Welcome to TOD farms. We follow high quality control procedures in producing our crops, here’s how:

T = Tender
A = Annual
P = Perennial
H = Hardy
HH = Half Hardy

Ease of Growth
1 = Very Easy
2 = Medium
3 = Can be challenging

Seed Treatment Key

  1. Soak Overnight
    Certain seeds like beetroot and swiss chards have a very corky seed coat. Soaking them overnight allows water to penetrate the coat and assists with germination.
  2. Sow shallowly in beds and cover with a hessian cloth.
    Fine seeds are best sown very shallowly, the problem now is that the top surface of the soil dries out very quickly. Covering with a hessian cloth, traps the moisture in the top soil layer allowing the seeds to germinate effectively.
  3. Chill in fridge for 2 weeks
    A number of seeds need cold treatment prior to sowing. If not chilled, the seed’s internal ‘germination mechanism’ does not get turned on.
  4. Soak in boiling water overnight
    Seeds with a very hard seed coat, often do not germinate at all without the boiling water treatment. Drop the seeds into boiling hot water and allow to stand overnight. The ones that have visibly swollen by the next morning can be planted. Repeat the process with the un-swollen seed.
  5. Needs light to germinate
    Light is a requirement of a number of seeds. If planted too deeply they seeds will simply not germinate. In this case the seeds should very lightly covered with fine sand, soil or vermiculite.
  6. Needs bottom heat to germinate
    Hot and Extreme Chillies as well as Brinjals are real heat lovers, without bottom heat germination can be slow and erratic. Bottom heat is generally applied using a heating pad (obtained from a pet shop specialising in reptiles) or an old electric blanket. The seedling trays should be lifted 1-2 cm above the heating pads so as not to overheat the seeds.
  7. Will benefit from bottom heat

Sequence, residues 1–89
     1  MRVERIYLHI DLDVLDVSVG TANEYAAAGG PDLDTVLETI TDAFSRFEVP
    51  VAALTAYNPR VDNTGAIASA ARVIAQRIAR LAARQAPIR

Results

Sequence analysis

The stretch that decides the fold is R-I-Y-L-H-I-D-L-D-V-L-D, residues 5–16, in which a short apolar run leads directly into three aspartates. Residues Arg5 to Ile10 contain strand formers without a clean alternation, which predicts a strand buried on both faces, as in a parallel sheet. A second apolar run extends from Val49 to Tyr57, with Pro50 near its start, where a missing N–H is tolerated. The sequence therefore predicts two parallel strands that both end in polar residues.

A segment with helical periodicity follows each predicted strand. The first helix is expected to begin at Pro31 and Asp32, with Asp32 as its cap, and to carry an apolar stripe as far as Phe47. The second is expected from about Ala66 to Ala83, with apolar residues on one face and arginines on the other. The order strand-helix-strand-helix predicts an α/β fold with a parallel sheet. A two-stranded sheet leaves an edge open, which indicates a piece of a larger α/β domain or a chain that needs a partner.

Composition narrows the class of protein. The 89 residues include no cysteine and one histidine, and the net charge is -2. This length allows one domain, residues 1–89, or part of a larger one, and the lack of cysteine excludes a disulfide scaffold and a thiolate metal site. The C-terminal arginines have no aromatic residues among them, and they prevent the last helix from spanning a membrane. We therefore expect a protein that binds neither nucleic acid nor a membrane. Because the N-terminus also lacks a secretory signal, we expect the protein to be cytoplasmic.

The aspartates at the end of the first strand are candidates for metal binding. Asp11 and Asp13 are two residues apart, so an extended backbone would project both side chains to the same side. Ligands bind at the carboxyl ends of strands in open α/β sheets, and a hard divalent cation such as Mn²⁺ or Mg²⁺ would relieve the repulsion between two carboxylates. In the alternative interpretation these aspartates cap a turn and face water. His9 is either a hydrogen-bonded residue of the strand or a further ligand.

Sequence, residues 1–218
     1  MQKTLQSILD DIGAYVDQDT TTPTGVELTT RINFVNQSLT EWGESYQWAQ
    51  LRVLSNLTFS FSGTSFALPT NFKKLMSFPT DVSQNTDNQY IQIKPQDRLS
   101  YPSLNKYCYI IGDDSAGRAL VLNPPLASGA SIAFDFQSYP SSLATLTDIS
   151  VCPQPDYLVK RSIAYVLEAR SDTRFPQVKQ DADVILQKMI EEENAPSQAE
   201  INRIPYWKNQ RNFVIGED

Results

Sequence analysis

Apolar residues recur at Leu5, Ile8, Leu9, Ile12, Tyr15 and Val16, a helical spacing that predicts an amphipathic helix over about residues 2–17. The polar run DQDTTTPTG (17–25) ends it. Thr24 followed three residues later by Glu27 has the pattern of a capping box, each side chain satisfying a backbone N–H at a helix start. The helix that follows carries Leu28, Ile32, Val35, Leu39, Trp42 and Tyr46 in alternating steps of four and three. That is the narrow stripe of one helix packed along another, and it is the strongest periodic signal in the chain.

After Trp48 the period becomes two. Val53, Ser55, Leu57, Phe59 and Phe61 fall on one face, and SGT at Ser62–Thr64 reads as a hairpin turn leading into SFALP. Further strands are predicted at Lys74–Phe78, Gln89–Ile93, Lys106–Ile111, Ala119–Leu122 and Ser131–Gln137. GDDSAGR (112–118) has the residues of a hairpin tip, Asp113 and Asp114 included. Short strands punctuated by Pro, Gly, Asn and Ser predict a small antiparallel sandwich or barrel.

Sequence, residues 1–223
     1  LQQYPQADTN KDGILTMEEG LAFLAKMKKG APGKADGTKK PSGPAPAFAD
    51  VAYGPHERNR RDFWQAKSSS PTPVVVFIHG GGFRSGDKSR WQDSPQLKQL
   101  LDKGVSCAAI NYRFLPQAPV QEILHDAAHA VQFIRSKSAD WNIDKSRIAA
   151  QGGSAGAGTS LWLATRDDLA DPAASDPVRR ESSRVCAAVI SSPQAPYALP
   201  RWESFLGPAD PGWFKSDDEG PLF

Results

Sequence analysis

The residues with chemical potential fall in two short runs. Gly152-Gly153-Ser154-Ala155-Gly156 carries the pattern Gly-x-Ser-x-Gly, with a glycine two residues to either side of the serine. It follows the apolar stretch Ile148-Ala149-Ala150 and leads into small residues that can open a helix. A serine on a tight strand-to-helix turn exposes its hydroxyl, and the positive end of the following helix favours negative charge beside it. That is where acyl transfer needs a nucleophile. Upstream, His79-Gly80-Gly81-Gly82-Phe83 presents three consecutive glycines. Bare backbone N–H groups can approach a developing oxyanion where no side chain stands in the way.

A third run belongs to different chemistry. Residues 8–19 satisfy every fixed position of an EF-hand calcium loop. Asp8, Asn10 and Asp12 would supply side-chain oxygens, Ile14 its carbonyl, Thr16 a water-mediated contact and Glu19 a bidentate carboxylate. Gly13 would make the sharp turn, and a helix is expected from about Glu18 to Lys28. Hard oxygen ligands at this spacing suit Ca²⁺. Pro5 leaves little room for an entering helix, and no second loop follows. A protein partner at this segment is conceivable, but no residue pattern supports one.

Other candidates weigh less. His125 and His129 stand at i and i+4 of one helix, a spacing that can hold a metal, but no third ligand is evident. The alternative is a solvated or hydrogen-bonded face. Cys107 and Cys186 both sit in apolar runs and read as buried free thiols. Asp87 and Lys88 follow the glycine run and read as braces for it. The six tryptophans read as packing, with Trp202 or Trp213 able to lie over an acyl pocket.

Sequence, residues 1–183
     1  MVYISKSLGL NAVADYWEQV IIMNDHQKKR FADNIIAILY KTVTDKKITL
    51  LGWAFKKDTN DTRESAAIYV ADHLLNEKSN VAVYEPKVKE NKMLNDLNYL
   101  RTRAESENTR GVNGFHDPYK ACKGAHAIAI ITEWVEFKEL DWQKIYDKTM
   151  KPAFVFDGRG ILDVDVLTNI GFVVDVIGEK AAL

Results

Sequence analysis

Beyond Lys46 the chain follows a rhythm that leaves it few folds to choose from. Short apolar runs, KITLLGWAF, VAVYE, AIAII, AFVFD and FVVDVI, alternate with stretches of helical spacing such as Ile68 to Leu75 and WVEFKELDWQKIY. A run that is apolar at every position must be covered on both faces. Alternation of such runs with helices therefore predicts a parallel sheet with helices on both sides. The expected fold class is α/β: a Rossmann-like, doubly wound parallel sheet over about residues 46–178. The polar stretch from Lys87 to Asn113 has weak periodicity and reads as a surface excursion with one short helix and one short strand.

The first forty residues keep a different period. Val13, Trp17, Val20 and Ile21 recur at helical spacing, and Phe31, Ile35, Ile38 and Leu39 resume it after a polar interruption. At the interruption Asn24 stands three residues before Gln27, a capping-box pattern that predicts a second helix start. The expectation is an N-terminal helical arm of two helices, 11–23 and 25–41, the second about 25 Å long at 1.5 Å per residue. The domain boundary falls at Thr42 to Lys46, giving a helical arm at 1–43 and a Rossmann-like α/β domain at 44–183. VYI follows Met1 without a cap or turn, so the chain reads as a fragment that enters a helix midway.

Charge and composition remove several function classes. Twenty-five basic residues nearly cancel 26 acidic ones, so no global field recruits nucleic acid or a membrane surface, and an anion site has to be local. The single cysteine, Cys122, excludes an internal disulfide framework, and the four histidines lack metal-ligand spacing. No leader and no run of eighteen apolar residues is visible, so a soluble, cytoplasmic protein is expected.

As above, but these seeds will germinate without bottom heat. The additional heat, stimulates germination, gives an even germination and speeds up the process.
  8. No special treatment
  9. Prefers cool germination temps.
    These varieties prefer cool soil to germinate. Often will not germinate if the soil temperature is too high.



Many gardeners struggle with planting seeds and often just take the approach that scattering a packet of seeds is good enough. This is possibly the worst way to go about planting your heirloom seeds. Below are a few handy tips and ideas to help you with seed germination.
We often hear of gardeners complaining about poor germination, unfortunately a lot of the time the issue is directly related to how the seeds are treated by the gardener. To kill off a seedling or newly germinated seed takes very little effort and sometimes only a matter of just one hour where the soil was too dry or the environment too hot.

Here is a brief rundown of seed germination instructions. This should give you a basic understanding of seed germination techniques and enable you to get the best germination from the seed that you have purchased from us.
General rules on germinating seeds.

  1. Crops that grow underground should not be started in seed trays. Always sow these directly where they are to grow. The seed can be thinned out with flour, river sand or pool filter sand to help you attain the best spread.
  2. Most crops that that bear their crop of fruit above ground can be started in seed trays. (e.g. Tomatoes, pumpkins, cabbage, peppers etc).
  3. Seed trays will always give the best germination as opposed to direct sowing. The difference could be as much as 90% in germination.
  4. Generally, unless otherwise noted. Plant seeds 3 x deeper than they are long.
  5. Seeds do NOT like a rich soil to germinate. The salts and acids in rich soil can actually inhibit germination. A good mix is a proportional mix of vermiculite, river sand and sifted (but not fine) compost. If you can’t make your own mix then buy a Germination Mix from a reputable nursery. Seedling mixes are too coarse.
  6. There is a fine balance between too fine and too coarse. Too fine and the seed suffocates, yes the seed needs oxygen. Too coarse and it dries out too quickly.
  7. If you are starting seeds in mid-winter or early spring, try to either position the cell trays in a warm spot (north facing window) or use a small heating pad to apply bottom heat.
  8. Permanently wet conditions can lead to ‘damping off’ of the seedlings, it’s always good to have moist but not wet soil.
  9. We find that a hessian sheet greatly improves germination in seedling trays as the trays are watered through the hessian, the hessian prevents you from washing tiny seed out of the cells and it also keeps the soil moist for longer. Make sure you remove the hessian as soon as the seedlings poke through the soil. If the seedlings grow through the hessian you will literally pull the plants out when you lift the hessian.
  10. Another method that I have seen work (we don’t use it as we have thousands of seedlings growing) is to put the seedling tray into a plastic bag, blow the bag up and place in a warm spot like a north facing window or above the fridge to help with germination.
    See our Seedling Treatment page for more information.

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